It’s the heat of summer or even the beginning of the season when you first turn on your air conditioner. Hopefully you’ve already had all the preventive maintenance checks done and there are no problems. Everything is working fine at least for now. Suddenly you notice water around the air conditioner and you know you have a problem. This problem is often referred as an air conditioner condensation water leak and often customers call an HVAC contractor and say their air conditioner is leaking water. This is not a unique problem and many people have dripping air conditioners during the season. Here are the likely reasons why your system is dripping water. Hopefully the AHU evaporator coil is not in an attic because you could be buying a ceiling unless precautions were taken.
Your AC has an evaporator coil. This evaporator coil is designed to operate below the dew point. Anything that is below the dew point will sweat. It’s like having an ice cold glass of ice water sitting on a table in the summer time. The ice water will sweat a small pool of water onto the table or coaster. The evaporator coil does the same thing. It sweats water from all the moisture in the air from your home. This moisture originates from the outside of the dwelling and it directly related to the humidity level of your geographic area. This is beneficial to you by dehumidifying the air which makes you feel cooler. All this condensate that is removed by your evaporator coil needs a place to go. Thus the reason you have a drain pan and drain line to drain the condensate which is produced by the evaporator coil.
Evaporator Coil Drain Pan and Drain Line
The evaporator coil drain pan and drain line are usually in dark moist places. Dark moist areas promote the growth of algae. Over time the algae can build up to the point where it clogs the drain line preventing water from draining. A simple solution to this problem is to treat the system with algae treatment or some people use Clorox. Take care in using chemicals including Clorox because many times the drain terminates into a flower bed or outside of the dwelling and not into a sanitary drain system like the municipal sewer system. A biannual treatment will in most cases prevent the evaporator coil drain from being clogged ever. Most air conditioner preventive maintenance plans from your local HVAC contractor include treating the condensation drain system with algae treatment tablets so you will not have to worry about a clogged drain.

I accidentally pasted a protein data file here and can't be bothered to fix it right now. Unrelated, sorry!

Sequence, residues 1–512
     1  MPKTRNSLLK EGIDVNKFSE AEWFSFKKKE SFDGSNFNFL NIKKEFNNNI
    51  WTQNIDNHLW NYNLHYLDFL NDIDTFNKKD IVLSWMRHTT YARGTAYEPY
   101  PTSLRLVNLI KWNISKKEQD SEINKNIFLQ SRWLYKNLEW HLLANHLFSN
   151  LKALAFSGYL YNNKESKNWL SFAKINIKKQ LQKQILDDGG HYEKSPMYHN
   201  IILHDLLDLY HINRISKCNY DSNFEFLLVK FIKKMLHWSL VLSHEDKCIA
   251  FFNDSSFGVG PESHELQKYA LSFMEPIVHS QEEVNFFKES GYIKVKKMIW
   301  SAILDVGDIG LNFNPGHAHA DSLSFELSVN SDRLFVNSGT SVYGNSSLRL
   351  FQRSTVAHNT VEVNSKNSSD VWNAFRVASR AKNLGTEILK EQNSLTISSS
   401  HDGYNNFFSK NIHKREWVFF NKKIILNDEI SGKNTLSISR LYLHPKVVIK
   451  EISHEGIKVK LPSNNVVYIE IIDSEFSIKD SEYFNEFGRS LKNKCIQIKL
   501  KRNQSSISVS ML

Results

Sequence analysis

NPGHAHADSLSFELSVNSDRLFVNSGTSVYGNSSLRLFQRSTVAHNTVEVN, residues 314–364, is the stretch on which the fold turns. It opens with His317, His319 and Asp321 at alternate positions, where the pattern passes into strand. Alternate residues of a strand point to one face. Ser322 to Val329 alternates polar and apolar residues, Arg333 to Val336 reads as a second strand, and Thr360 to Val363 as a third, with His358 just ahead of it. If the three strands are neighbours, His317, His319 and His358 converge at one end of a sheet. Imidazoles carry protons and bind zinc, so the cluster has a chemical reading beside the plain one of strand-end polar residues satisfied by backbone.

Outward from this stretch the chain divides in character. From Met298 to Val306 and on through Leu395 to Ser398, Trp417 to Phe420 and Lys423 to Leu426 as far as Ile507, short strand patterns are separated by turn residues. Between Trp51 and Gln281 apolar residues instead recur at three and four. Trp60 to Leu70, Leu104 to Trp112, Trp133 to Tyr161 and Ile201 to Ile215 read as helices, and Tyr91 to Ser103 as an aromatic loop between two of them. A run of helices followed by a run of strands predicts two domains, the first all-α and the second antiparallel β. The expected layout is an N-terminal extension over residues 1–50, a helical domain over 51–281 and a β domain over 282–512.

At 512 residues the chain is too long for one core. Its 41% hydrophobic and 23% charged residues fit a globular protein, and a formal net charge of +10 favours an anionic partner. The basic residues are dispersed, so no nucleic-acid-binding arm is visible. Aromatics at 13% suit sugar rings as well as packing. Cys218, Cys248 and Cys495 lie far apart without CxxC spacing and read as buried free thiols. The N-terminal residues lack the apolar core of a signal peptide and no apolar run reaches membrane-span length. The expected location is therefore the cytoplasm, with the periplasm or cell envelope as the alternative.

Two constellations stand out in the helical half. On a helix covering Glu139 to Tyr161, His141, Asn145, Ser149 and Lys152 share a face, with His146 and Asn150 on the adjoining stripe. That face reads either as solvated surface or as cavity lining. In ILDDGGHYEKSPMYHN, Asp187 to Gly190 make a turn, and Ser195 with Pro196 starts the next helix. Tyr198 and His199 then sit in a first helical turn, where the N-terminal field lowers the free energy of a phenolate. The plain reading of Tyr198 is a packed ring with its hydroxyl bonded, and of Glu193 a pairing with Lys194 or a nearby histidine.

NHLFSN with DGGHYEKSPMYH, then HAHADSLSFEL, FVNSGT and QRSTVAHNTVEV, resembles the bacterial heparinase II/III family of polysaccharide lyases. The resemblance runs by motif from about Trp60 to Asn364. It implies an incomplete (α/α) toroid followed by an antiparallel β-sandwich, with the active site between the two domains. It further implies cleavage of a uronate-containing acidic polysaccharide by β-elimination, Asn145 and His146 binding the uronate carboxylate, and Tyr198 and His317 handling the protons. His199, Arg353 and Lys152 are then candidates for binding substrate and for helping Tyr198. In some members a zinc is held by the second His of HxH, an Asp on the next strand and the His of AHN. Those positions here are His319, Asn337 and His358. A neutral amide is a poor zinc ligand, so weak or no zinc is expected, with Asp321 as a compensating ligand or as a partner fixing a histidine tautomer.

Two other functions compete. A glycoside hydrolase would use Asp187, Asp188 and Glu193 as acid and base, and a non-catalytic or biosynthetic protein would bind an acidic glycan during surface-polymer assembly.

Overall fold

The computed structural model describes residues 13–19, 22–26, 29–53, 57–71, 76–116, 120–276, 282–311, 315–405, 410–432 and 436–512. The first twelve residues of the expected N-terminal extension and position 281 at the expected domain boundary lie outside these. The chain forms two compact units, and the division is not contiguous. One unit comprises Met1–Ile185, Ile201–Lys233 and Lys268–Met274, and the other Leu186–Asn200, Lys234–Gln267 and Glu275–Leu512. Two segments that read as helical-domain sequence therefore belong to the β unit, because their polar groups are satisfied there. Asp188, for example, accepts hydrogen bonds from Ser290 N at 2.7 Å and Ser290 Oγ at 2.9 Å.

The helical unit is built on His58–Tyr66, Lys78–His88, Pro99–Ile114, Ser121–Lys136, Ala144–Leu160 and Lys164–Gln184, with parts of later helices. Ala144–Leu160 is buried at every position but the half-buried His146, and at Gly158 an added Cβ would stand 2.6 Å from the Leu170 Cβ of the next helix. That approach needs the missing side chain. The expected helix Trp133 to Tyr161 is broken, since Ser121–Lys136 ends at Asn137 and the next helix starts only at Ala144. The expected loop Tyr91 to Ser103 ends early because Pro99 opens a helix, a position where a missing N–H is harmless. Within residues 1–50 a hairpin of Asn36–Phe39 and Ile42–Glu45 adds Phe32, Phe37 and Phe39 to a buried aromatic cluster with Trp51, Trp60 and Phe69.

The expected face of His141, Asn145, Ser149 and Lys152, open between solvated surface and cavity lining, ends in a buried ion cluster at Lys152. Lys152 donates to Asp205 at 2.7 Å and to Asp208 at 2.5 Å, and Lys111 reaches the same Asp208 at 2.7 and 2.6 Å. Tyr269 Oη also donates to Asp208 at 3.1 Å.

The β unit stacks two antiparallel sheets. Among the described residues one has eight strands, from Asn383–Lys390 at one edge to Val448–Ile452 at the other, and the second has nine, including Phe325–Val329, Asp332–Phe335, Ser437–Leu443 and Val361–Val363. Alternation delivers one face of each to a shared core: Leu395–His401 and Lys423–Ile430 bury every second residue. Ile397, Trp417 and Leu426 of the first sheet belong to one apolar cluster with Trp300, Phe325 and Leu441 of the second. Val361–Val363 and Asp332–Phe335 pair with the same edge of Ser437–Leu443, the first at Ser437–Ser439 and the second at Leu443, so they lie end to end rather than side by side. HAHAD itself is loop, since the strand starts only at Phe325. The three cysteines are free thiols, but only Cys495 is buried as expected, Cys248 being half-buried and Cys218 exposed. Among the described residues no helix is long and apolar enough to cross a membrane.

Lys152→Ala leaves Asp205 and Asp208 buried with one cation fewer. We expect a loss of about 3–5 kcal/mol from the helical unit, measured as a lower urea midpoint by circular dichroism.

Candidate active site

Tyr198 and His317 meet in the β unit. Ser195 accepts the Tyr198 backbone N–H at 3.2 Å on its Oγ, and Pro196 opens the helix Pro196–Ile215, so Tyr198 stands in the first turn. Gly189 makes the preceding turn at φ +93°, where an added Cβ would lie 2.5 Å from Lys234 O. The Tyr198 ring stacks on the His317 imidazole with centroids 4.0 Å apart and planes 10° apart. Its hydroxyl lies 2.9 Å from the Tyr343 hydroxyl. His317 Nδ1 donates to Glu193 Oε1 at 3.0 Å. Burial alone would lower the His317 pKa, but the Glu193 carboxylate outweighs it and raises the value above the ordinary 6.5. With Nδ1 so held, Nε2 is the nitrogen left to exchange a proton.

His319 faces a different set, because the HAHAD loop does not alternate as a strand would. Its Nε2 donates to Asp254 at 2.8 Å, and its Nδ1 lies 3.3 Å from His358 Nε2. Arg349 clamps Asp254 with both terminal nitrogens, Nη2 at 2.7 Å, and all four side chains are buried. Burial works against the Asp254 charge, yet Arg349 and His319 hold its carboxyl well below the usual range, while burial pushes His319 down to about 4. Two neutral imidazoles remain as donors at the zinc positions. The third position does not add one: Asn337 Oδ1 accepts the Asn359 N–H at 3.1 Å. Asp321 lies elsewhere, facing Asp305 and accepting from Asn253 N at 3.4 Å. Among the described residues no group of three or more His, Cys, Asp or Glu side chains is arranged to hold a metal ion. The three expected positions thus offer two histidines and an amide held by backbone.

Drain Line Plugs or Clogs
If your evaporator coil drain pan or drain line is clogged there are different methods contractors use to unclog the line. One way is to use a CO2 gun to blow the line. This CO2 gun uses little cartridges that provide high pressure to the line which will blow out the algae from the line allowing the water to drain. This should be done by an HVAC Contractor as sometimes the drain line needs to be cut and then redone after the line has been blown. Other methods to unclog the evaporator drain are to use high pressure nitrogen, a water hose, or a shop vacuum to suck the line out. Again, it is recommended that an HVAC technician perform the job of unclogging your drain line if it were to become clogged.
Why Hire and HVAC Contractor to Fix the Problem?
Because the technician brings experience to the job, experience that will be helpful in determining if the drain is actually the problem. It is likely that the drain line is clogged but it could be something else. For example; the HVAC unit may have a slow Freon or refrigerant loss. If this is the case the evaporator coil will freeze up because it will operate below freezing. All the moisture in the air will freeze to the coil. Eventually the ice will melt. Typically this melting overwhelms the drain and appears to be a clogged air conditioner drain line. There are other good reasons to hire an HVAC contractor to fix the problem but mainly you will have someone who is professional, identify the problem quickly, and make efficient repairs so you can enjoy worry free comfort for the rest of the season.
This entry was posted on Wednesday, June 4th, 2008 at 6:20 pm and is filed under Air Conditioning.
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